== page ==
All beyer samples I have heard so far come from German users and sites...why is it that they have not been more prominent in the mic business? They are great in the headphone business. is so much easier.

  • I think most of your problem is getting the mic close enough to the subjects. Do whatever you can to get the mic closer. Then the distance and the angles will dictate which type of mic is best, with a trade-offs between natural response and off-axis noise rejection. Maybe you can rig up something to put the mic in front of the camera, above or below and just out of frame. Use a wide-angle lens so you can get up close.

    Try the AT875R, I guess. It might be the best for your situation, depending on the distance and angles. I found it unsuitable for music, but I suppose it is ok for dialog.

    Lavs will be a big leap in sound quality. Omnis have the best frequency response, the most consistent response at different angles, and the best rejection of wind noise and handling noise - even cheap omnis. But of course omnis have no rejection of off-axis noise, so they need to be placed close to the subjects. I'm thinking of reality TV like The Real World and such - I'm pretty sure they use lavs for most of that. There are some topics here on p-v about small clip-on recorders, as an alternative to wireless body transmitters or larger recorders. You'd still want on-camera audio as a backup.

  • Alright.

    At last, after getting all the cables (amazing how difficult it is to get short XLR cables) I managed to do some tests.

    I am linking three vimeo videos here. The title is the set up and settings. After much playing around, I found these three to be the most useful to demonstrate what I have, what I am looking for and what I can get with this super cheap set up.

    First of all, the AT875r is a great mic, I think. I don't have the cash to try an MKE 600 so I cannot compare to that or the Rode NTG series. That being said, it is considerably more quiet (hiss wise) than the AT897. I would say that the only thing going on for the AT897 is the battery power. I would imagine, from the tests I hear, that the MKE 600 could do better in the self noise department but I didn't like the rather bassy signature of the Senn. I do like the MKH 416 from what I have heard but I think that its very direction capability makes it unusable for my needs.

    Worth noting the AT875r is not as directional. It can pick up noise from the sides much better (I see why people would find this to be negative in this mic category) so it works better for me for off-axis pick up.

    As I speak, you will know the distance I have from the mic/camera (starts at 2.5m in front) and how I move away from the centre area of the pick up.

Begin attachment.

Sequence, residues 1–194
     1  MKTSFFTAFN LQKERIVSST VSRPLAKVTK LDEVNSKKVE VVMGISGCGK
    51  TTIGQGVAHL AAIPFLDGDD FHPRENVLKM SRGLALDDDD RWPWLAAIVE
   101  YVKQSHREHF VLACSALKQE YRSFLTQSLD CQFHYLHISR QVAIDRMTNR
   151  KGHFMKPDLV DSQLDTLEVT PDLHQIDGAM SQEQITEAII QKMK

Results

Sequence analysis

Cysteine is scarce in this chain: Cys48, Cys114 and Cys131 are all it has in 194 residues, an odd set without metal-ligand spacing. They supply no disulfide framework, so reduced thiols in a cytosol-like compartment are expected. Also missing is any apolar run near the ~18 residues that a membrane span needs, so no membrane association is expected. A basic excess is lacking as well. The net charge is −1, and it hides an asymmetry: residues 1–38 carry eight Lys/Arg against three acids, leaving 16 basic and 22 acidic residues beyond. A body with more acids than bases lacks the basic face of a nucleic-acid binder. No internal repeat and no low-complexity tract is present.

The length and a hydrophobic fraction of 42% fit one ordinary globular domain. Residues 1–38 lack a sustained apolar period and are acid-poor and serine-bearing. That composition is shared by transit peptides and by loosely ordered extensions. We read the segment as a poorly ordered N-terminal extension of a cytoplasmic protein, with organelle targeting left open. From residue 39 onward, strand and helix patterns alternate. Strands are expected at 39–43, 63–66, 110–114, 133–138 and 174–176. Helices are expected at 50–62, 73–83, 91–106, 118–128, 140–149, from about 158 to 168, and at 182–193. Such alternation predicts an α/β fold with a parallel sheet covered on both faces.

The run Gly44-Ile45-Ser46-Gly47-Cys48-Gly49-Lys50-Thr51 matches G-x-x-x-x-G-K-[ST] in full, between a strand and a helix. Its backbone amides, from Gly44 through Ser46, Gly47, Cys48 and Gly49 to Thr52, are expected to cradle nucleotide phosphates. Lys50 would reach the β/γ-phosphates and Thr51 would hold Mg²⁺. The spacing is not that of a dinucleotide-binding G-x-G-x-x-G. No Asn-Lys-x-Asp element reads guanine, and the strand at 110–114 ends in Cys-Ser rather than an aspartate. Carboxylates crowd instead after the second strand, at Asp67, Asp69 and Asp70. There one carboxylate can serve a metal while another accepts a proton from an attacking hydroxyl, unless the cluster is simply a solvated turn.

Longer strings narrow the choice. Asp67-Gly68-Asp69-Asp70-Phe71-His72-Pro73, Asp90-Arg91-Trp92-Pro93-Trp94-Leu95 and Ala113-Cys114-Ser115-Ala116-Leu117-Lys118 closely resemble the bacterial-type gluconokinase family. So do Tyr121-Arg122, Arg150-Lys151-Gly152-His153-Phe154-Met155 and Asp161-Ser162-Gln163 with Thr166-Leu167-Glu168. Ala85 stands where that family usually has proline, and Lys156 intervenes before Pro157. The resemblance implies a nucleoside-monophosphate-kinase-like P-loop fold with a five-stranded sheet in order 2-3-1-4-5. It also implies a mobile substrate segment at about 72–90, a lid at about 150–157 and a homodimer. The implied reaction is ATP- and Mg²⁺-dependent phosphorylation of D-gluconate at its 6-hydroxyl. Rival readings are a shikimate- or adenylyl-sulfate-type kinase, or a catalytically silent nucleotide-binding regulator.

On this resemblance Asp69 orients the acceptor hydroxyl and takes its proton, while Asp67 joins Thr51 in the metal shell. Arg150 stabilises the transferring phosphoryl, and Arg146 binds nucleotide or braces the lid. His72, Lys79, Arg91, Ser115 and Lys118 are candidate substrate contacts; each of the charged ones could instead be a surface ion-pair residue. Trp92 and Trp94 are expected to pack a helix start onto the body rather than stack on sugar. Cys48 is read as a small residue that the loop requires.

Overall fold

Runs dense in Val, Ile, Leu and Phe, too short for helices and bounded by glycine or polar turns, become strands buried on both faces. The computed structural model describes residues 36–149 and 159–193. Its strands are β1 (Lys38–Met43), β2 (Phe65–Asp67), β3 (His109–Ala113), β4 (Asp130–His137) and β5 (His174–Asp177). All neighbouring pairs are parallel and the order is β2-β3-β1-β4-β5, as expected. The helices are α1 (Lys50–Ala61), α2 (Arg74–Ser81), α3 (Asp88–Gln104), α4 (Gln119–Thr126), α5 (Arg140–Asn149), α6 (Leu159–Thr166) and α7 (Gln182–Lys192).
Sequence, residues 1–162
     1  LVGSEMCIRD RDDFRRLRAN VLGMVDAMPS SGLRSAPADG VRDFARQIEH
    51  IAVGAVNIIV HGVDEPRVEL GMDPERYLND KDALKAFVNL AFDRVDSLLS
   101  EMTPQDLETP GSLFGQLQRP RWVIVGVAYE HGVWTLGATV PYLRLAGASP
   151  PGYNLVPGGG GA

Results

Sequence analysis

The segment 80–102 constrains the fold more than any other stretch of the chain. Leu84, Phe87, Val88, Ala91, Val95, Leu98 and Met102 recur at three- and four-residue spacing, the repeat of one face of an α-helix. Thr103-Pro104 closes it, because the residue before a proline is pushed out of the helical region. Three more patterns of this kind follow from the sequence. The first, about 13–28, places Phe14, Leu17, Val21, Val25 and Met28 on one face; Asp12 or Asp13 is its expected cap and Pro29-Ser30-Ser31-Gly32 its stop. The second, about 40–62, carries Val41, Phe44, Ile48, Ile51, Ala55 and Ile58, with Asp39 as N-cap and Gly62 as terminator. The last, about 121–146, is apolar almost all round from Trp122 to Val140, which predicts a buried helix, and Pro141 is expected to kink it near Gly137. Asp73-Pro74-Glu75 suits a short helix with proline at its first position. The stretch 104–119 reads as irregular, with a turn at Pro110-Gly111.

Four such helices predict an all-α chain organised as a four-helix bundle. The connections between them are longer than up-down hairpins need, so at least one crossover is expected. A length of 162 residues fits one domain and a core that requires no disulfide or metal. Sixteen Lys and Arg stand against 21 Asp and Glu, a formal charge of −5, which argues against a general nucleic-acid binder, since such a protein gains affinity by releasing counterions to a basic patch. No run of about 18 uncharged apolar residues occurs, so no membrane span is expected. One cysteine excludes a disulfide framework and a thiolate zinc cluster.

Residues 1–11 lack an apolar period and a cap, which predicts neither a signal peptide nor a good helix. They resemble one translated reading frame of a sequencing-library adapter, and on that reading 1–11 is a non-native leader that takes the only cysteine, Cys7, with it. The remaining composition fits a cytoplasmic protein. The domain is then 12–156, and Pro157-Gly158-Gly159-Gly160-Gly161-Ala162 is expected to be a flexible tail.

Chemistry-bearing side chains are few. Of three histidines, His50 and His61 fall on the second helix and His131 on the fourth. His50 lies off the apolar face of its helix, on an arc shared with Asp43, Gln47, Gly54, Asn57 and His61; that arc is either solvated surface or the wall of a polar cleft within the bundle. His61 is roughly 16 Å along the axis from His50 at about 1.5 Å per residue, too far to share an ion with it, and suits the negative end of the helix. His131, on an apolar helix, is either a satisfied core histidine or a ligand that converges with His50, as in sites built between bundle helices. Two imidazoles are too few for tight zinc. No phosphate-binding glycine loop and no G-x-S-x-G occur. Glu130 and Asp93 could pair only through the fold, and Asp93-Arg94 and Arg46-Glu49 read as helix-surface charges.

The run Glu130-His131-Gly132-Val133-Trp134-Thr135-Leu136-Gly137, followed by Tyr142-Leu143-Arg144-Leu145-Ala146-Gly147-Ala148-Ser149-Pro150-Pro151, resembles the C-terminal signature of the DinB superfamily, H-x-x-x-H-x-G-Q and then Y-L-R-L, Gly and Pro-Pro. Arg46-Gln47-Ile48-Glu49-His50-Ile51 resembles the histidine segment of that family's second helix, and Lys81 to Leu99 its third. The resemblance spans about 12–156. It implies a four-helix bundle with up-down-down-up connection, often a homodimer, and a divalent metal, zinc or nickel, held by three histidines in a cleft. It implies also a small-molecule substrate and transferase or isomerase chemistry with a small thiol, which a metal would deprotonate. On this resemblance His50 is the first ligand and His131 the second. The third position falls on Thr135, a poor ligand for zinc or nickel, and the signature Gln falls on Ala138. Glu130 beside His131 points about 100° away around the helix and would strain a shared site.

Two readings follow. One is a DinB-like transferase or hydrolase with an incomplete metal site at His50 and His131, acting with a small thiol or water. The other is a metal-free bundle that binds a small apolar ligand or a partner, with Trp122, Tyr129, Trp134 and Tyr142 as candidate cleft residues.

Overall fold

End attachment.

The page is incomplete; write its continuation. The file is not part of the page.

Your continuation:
The room has some echo, so mind that when you hear the samples.

    The "videos" are downloadable and with Premiere Pro's settings I have set them to AAC 320kbps. If there is a better setting, please let me know (I am still learning)

    First link: AT875r -> hacked iRig Pre -> Hacked GH2 448kbps AGC 0: 235

    Second link: AT875r -> hacked iRig Pre -> Hacked GH2 448kbps AGC 0: 203

    Third link: AT875r -> hacked iRig Pre -> Edirol R 09 imput level 70

    My take on the above:

    1) GH2 internal recording distorts too quickly. Am I hearing this right? It appears to be that if you have a peak in speech, you get a distortion on the upper end. The graphs inside premiere appear to show a constant level at which they peak. So, it more or less looks like a long mesa-type of mountain whereas the Edirol's graphs show a more dynamic take (and it sounds to me like so as well)

    2) Edirol seems to win.

    3) Hiss is still there but with a bit of noise reduction I reckon it gets to a very good level (I did a tiny test with Premiere Pro CS6's denoiser and reducing the noise floor by 4db, freezing the variable "green line" so it is a constant reduction)

    It appears then that my solution here will be to use the Edirol after all. Since I don't have money to invest in a separate recorder with phantom power (and I read that the Zoom and DR 40 introduce hiss) then this would be it. If I do manage to get money for a compact portable recorder, apparently the DR 100 is the one to go for.

    Unfortunately @balazer 's links from his self powered AT875r don't work anymore but I wonder if you could make them available again, please? Just to see how it sounds?

    Thanks again.

  • @balazer

    Sorry for the delay in getting back here. Thanks for uploading those again. I can see how less power affects the mic. It is a great mic, either way, but the self noise on your samples would make it unusable for me.

    I am going to carry on with the iRig-> Edirol combo and see how it goes in the long run. I happen to have met a sound mixer last weekend so I will get some hands on supervision as I go.

    Thank you everyone for the advise. I will dehack the sound on the GH2 so I can regain in camera playback.

    My next test is to make sure the higher ISOs perform well (1250 and above) as I read that NR -2 may not be good for the higher ISOs compared to using NR 0.

    Thanks again!

  • Self noise? Do you mean noise coming from the mic?

    I think the noise in my samples is probably more from the GH2 than from the mic. I recall that the mic has very good noise specs, and mic noise is usually not affected by the power supply voltage. The SPL before distortion is usually the thing that suffers when a mic is powered at a lower voltage.

  • I think you may be right. It may be that the audio gain on the GH2 kicks in if the signal is too low even when you have the manual audio volume settings. I guess what I meant to say is that there is more hiss on your recordings than the ones I made with the iRig feeding into the GH2.

    Distortion is something I notice on earlier tests (not heard here, I think) when I would clear my throat and even though the volume doesn't peak (red) on either the GH2 levels or Premiere Pro's levels, I can hear a limit as if the camera couldn't reproduce that loud sound. Again, volume is not high (no peak) but GH2 somehow seems to limit the amount of loudness received maybe? or is it the range of sounds it can gather? since it distorts the sound. I am not sure because my understanding on that is limited at the moment.

    On the Edirol recordings, however, I can hear a defined and clean sound and even when volume peaks (red) there appears to be no distortion.